“In this audience, one would wonder how many people have visited the Lagos museum. We don’t really promote our culture. We don’t relate with our culture the way it should be. I believe that, in addition to what the governor is doing, which is very commendable, we should ensure that we promote our culture right from the crèche.”While also commending Ambode for the initiative, Shyllon urged the government to put in place measures that would help sustain the investment.
“Yes, museum attracts traffic, but museums are not self-sustaining. I was the guest of American Government in 2009, under the American Visitors Leadership Programme and I was taken to museums like the Metropolitan Museum. One of the things I learned is that, we must be careful; building a museum is one thing, ensuring that the museum sustains itself is another thing. Our great governor has started a movement of ensuring that our creative minds and critical minds are harnessed for the growth of our state and our nation, but we must ensure that we put in place measures to ensure that this museum outlives the initiators. What do we do to ensure that what our governor does is sustained and developed with a view to promoting our culture?”
Also, Chief Nike Okundaye of Nike Art Gallery said, “This is the first time ever I will see a governor who is an art lover, art promoter and also renovating our museum. We are sitting on a treasure; I want Nigerians to know. When the King of Morocco came to Nigeria, after seeing the president, the first place he came was Lagos and he promised to spend one week. When he came, the first place he went was my gallery. This treasure we are sitting on, we are going to create a festival.”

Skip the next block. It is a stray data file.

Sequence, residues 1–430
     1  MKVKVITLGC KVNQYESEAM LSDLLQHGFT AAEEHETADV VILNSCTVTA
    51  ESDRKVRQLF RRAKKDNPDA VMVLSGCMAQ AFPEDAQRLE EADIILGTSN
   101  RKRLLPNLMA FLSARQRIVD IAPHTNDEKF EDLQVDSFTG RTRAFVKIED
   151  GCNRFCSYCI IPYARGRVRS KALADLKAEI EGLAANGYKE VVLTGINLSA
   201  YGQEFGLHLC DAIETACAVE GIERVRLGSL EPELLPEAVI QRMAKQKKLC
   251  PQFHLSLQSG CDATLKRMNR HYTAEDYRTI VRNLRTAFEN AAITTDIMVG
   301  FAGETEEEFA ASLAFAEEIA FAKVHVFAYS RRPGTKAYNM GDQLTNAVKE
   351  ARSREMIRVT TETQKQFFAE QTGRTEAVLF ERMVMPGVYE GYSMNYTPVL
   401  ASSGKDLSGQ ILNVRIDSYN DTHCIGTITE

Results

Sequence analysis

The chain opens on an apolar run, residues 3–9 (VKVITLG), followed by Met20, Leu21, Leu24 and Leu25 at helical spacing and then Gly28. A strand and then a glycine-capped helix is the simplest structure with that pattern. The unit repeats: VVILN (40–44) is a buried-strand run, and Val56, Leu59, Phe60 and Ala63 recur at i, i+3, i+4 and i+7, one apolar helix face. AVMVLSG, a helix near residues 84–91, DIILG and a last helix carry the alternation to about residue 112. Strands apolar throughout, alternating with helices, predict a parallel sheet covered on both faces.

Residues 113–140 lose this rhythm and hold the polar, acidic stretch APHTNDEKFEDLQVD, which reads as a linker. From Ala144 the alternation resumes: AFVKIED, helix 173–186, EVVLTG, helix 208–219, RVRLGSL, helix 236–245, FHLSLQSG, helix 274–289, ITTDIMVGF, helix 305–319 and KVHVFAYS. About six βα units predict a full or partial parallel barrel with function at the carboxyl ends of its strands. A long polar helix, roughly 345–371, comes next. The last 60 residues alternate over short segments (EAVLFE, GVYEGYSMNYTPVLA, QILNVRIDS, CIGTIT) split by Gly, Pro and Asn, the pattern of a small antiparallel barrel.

Okundaye noted that Nigeria is big enough to institute a festival with the aim of creating awareness on the treasures in the museum and give the youngsters the opportunity to know about their own culture and tradition.
“We thank the governor for giving us this opportunity and I know there’s no more going back; we will continue to move forward. And we are going to promote this heritage that you started; we will put the right people in the right places. And to the minister, who is in charge of everything culture in Nigeria, please, we need you to work with our governor because he cannot do it alone. You have to work with him as a team to get Lagos to a greater height.”
FOR the Director General, National Commission for Museums and Monuments, Mallam Yusuf Abdullah Usman, the new museum would set the tone for the return of stolen works from Nigeria from around the world.
According to him: “Each time we make a case for the return of those works back home, the question they always ask us is, ‘where do you want to put them?’ Your Excellency, I thank you for giving us a befitting place to put the works!”
Earlier in her welcome address, the Acting Commissioner/Special Adviser to Ambode on Tourism, Arts and Culture, Adebimpe Akinsola, noted that the history of Lagos State is not complete without the past being preserved in a dignifying museum, adding that museums provide shelter for cherished, valuable works of arts and other objects of permanent value, which represent a people’s heritage, culture and history.
“The current administration is highly committed to this, as demonstrated through some tourism-related strategic infrastructure development projects in the State,” she added. “The state recenly unveiled the statue of King Ado, the first King of Lagos, and the legendary Prince Olofin, the first settler in Lagos. As we speak, the Badagry Heritage Museum is under renovation, the Vlekete Slave Market Museum in Badagry is almost completed, while the Point of No Return Edifice at Gberefu, Badagry, will soon be delivered. All the above-mentioned forms part of the state tourism development projects meant to enrich the experience of visitors and tourists to the state.”